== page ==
Pubdate: Thu, 07 Aug 2008
Source: Worthing Herald (UK)
Copyright: 2008 Worthing Herald
Author: Terry Monnery


AS the planter of the "pot" mentioned in your article, I would like 
to expand the knowledge of your readers.

Cannabis is a genus of plants, just as apples or tomatoes are.

The variety of cannabis being grown is c.sativa, an organic hemp from 
Austria and is commonly called industrial hemp.

Cannabis is part of the family called cannabaceae, which also 
includes such things as hops used in beer making.

Industrial hemp is a variety of cannabis sativa with a THC (the 
psychoactive compound) value of less than 0.3% as regulated by the 
EEC (Article 3 (1) of Regulation (EEC) No. 619/71).

Hemp also produces a compound, CBD, which is an antipsychoactive and 
research has shown that small amounts of this antipsychoactive 
prevent the THC having any effects, i.e., it's a natural antidote to 
the variety of cannabis with high THC.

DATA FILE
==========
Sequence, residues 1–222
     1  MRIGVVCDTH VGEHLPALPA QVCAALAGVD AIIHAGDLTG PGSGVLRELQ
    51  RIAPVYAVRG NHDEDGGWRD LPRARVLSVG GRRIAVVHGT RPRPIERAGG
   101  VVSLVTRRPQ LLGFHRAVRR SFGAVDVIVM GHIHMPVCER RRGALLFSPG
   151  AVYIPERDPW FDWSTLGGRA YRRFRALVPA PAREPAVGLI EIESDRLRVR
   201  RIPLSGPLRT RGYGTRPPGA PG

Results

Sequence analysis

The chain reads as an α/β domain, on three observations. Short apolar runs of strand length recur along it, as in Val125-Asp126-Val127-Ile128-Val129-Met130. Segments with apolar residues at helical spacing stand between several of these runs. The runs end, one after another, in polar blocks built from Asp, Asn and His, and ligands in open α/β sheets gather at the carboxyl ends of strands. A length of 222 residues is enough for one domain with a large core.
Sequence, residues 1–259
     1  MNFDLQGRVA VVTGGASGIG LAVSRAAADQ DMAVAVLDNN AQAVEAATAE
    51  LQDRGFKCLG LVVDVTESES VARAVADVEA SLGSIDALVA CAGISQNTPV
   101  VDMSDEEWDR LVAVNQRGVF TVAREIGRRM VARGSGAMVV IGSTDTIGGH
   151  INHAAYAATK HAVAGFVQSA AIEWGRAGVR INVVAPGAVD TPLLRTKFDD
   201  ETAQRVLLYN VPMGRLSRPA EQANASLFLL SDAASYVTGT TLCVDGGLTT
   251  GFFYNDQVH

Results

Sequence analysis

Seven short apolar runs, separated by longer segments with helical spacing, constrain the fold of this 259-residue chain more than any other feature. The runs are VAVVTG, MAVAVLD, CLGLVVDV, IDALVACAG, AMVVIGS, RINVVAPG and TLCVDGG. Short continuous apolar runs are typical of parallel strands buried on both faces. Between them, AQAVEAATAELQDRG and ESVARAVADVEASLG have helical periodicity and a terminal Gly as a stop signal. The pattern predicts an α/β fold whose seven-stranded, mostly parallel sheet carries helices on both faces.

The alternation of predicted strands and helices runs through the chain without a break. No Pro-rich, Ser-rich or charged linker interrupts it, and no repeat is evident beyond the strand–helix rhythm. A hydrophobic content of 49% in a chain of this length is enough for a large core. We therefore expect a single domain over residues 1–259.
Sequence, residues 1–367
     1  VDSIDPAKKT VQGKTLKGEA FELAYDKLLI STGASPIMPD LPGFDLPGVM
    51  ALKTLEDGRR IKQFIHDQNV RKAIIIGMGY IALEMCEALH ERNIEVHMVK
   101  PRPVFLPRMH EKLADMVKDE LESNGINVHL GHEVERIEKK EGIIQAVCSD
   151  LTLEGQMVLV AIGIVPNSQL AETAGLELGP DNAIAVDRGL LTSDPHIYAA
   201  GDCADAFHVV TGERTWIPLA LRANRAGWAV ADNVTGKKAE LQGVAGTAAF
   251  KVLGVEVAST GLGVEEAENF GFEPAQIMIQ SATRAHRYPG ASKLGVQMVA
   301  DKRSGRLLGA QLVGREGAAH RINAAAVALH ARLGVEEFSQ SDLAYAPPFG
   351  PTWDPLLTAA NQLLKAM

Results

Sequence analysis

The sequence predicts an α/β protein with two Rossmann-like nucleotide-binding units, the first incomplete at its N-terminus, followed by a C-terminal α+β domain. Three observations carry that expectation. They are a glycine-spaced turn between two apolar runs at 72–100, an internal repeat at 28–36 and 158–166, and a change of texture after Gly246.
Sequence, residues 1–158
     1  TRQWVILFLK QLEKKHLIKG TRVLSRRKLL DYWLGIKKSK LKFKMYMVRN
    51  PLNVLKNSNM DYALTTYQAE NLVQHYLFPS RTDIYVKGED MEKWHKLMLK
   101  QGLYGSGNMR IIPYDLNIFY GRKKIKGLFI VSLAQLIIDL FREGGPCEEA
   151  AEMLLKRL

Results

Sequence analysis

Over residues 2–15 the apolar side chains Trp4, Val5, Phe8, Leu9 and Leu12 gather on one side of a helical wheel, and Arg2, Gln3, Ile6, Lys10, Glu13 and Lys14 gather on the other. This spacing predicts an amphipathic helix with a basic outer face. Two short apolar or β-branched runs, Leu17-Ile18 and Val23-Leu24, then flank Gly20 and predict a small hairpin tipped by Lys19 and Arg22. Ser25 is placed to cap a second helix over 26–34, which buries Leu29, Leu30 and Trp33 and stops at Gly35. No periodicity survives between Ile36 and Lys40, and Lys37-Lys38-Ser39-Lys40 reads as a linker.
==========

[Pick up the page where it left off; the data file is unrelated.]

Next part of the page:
The nutritional analysis of hemp seeds is impressive, being a 
valuable source of fibre, proteins and EFAs (essential fatty acids), 
particularly omega 3 and omega 6, in a form easily absorbed by the human body.

This can lead to healthier joints and skin.

Hemp oil produced from these seeds is readily available in the local 
supermarkets and is cheaper and tastier than cod liver oil.

In addition, hemp is used in making many other products, such as 
interior body panels on BMWs, textiles, paper, fuel, animal feed, 
plastic and medicine.

In summary, hemp is easy to grow outdoors and has been grown around 
the world for the benefit of humans over the last 12,000 years.

It does not need fertilisers or pesticides to grow and conditions the 
soil where grown.

It provides an amazingly useful range of products, is renewable and 
environmentally friendly.

Maybe it is now time to start undoing the spurious claims made in the 
1930s by Dupont Industries and other influential parties, including 
Randolph Hearst (newspaper magnate), who had interests in synthetic 
materials, logging and the paper industry, which led to a ban on the 
growing of hemp and an unwarranted stigma attached to plants of the 
genus cannabis.

Terry Monnery Worthing

PS: Having done some research, I now believe it is technically 
illegal to grow it without a commercial home office licence.

I am waiting to hear from the police about what further action they 
may or may not take.
- ---
MAP posted-by: Jay Bergstrom